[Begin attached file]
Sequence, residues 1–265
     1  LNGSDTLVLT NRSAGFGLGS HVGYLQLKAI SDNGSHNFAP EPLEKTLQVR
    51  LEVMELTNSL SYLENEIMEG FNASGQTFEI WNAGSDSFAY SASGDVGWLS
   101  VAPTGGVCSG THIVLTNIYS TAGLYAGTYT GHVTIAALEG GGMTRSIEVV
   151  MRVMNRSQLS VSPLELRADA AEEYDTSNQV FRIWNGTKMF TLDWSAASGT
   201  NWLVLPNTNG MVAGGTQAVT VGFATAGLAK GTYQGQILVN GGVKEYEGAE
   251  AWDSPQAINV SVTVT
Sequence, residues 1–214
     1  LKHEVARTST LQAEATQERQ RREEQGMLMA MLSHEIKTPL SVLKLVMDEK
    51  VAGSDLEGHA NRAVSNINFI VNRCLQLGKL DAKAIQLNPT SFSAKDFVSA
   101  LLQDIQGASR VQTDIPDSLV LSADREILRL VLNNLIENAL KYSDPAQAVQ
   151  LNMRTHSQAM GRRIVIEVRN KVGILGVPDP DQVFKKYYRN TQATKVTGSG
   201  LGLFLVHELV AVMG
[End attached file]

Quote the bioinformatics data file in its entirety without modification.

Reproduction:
Sequence, residues 1–265
     1  LNGSDTLVLT NRSAGFGLGS HVGYLQLKAI SDNGSHNFAP EPLEKTLQVR
    51  LEVMELTNSL SYLENEIMEG FNASGQTFEI WNAGSDSFAY SASGDVGWLS
   101  VAPTGGVCSG THIVLTNIYS TAGLYAGTYT GHVTIAALEG GGMTRSIEVV
   151  MRVMNRSQLS VSPLELRADA AEEYDTSNQV FRIWNGTKMF TLDWSAASGT
   201  NWLVLPNTNG MVAGGTQAVT VGFATAGLAK GTYQGQILVN GGVKEYEGAE
   251  AWDSPQAINV SVTVT
Sequence, residues 1–214
     1  LKHEVARTST LQAEATQERQ RREEQGMLMA MLSHEIKTPL SVLKLVMDEK
    51  VAGSDLEGHA NRAVSNINFI VNRCLQLGKL DAKAIQLNPT SFSAKDFVSA
   101  LLQDIQGASR VQTDIPDSLV LSADREILRL VLNNLIENAL KYSDPAQAVQ
   151  LNMRTHSQAM GRRIVIEVRN KVGILGVPDP DQVFKKYYRN TQATKVTGSG
   201  LGLFLVHELV AVMG